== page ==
Paul Tremblay on His Haunted New Novel ‘Horror Movie’ and the Joy of Having Robert Downey Jr. and M. Night Shyamalan Adapt His Books

Horror author Paul Tremblay developed a deep love of spooky stories early on, and he tackles the haunted films genre with his newest novel, “Horror Movie” (out Tuesday via William Morrow and Company). The plot concerns a ’90s cult classic horror movie which left all but one cast member dead and the dark stories that are dredged up as a remake comes closer to reality.

Professionally, Tremblay is no stranger to scary movies, as his 2019 novel “The Cabin at the End of the World” was adapted into M. Night Shyamalan’s 2023 film “Knock at the Cabin.” Next up is an adaptation of his 2015 book “A Head Full of Ghosts,” which is set to be produced by Robert Downey Jr. and directed by Austrian filmmakers Veronika Franz and Severin Fiala, who also helmed dark horror films like “Goodnight Mommy” and “The Lodge.”

Tremblay spoke with Variety about horror movies both real and imagined, what it’s like having your work adapted by Hollywood heavyweights and what movies actually scare him.

How did you come up with the idea of “Horror Movie”?

It was one of those fun, random discoveries I wasn’t anticipating writing this book. Sometimes I’m forced to plan it out with my book deals, but this one … it was winter or early spring of ’22. I’d had another book idea, but I wasn’t loving it. My friend and great writer Stephen Graham Jones, we just shoot each other recommendations. He said, “Hey, you should watch my friend Walter Chaw and John Darnielle discussing ‘The Texas Chain Saw Massacre’ in this YouTube video essay.”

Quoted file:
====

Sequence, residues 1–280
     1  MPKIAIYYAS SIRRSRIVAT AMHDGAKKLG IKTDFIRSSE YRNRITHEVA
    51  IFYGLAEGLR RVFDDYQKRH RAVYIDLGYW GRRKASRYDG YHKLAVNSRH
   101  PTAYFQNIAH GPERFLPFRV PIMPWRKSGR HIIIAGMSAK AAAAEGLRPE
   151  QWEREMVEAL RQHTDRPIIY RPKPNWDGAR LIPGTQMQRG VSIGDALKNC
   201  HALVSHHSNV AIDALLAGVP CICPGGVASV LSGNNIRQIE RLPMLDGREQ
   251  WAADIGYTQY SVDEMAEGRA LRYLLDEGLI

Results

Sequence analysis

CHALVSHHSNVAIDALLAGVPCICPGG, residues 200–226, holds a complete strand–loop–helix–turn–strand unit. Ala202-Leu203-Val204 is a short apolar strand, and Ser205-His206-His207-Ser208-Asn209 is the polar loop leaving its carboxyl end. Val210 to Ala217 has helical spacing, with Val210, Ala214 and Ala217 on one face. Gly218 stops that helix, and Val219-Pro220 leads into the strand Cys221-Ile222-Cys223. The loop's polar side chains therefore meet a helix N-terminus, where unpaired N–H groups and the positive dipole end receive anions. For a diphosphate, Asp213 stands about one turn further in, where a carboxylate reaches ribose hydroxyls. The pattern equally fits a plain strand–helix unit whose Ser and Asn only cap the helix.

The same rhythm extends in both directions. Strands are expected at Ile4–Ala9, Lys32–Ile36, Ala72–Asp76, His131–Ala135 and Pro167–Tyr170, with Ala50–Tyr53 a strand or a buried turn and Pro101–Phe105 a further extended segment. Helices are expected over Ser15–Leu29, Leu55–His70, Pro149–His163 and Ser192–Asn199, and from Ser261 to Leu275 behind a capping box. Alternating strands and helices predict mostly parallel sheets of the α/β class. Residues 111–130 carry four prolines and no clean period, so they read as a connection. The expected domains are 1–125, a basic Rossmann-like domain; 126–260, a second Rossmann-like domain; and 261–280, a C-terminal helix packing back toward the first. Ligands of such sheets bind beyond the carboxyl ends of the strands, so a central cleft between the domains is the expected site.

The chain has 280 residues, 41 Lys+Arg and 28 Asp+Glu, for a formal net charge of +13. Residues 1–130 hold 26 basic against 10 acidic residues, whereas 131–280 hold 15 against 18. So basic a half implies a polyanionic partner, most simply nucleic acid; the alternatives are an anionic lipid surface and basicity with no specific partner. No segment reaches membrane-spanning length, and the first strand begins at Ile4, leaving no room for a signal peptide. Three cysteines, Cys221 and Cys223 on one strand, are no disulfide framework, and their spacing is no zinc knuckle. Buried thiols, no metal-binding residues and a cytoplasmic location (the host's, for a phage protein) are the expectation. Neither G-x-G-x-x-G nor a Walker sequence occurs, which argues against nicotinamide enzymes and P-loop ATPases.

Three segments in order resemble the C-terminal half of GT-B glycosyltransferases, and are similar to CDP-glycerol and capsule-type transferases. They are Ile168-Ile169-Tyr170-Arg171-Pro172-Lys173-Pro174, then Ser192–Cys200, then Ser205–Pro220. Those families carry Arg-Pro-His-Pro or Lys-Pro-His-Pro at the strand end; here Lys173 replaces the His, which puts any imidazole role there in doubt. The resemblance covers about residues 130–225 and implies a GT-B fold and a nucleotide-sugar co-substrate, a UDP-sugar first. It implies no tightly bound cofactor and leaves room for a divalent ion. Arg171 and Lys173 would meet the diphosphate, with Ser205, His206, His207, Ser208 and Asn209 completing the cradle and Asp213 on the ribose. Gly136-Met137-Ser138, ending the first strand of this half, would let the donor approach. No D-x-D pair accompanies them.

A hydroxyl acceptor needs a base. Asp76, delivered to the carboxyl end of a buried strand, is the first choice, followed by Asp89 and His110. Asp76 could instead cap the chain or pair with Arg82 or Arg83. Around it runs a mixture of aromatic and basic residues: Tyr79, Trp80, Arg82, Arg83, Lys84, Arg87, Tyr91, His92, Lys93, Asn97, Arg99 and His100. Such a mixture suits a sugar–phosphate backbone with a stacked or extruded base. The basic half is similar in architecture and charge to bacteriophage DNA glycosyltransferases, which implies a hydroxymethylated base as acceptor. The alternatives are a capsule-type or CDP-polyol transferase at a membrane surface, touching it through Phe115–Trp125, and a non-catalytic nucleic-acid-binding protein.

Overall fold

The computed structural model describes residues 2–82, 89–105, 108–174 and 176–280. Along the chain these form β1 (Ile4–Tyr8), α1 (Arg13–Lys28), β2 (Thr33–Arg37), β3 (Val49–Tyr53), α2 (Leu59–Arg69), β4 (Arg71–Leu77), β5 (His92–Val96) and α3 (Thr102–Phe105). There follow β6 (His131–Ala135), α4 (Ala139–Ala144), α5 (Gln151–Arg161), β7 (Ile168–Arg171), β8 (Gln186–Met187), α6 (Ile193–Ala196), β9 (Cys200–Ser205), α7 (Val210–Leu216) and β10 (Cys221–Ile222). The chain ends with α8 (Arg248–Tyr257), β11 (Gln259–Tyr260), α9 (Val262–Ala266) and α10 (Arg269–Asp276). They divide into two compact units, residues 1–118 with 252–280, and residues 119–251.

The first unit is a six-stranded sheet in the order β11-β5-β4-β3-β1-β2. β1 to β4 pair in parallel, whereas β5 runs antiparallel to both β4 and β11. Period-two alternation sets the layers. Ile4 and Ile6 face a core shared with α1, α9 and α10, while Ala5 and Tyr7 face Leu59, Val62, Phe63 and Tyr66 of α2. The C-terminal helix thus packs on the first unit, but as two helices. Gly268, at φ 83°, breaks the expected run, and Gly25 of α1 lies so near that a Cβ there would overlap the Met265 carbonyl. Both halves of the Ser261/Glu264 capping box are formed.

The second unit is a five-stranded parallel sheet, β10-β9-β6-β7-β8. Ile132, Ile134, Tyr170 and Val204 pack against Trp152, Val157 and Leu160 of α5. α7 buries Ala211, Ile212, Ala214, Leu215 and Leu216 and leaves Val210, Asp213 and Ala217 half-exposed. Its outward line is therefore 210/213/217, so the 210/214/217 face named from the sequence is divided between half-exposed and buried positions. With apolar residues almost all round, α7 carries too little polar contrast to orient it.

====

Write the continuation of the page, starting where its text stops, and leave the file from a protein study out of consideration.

I watched it and was enthralled listening to two really smart people talk about this movie that’s both great and notorious. During the talk, Walter held up a book called “Chain Saw Confidential” that [Leatherface actor] Gunnar Hansen had written. Man, that book was just a lot of fun. Gunnar definitely plays up blurring of the line between him and Leatherface, but it’s wonderfully written. There are certain points in that book where I thought, ‘Man, that set was pretty dangerous based on what they were doing.’ That just sent me into the rabbit holes: What would have happened if a chainsaw slipped somewhere along the way or something like that?

“Horror Movie” becomes something not much different than that. That’s where I first started thinking about it. It made sense to me because what I knew about story was really through watching movies as a child of cable TV and the VCR. I had to learn story differently when I first started reading, so it was kind of fun. Now, at this point in my writing life, I like to look back at the differences between movies and novels, how each work and how each doesn’t work, and how they communicate and how they don’t.

Do you think there is some sort of negative energy on the sets of dark horror films?

What I really wanted to dig into when I wrote this was the collective will. What is this collective will that it takes to make a movie, in particular? The movie that I’m writing about, which was very small, family-funded and with some grants — this independent film is what would motivate these people to sacrifice so much.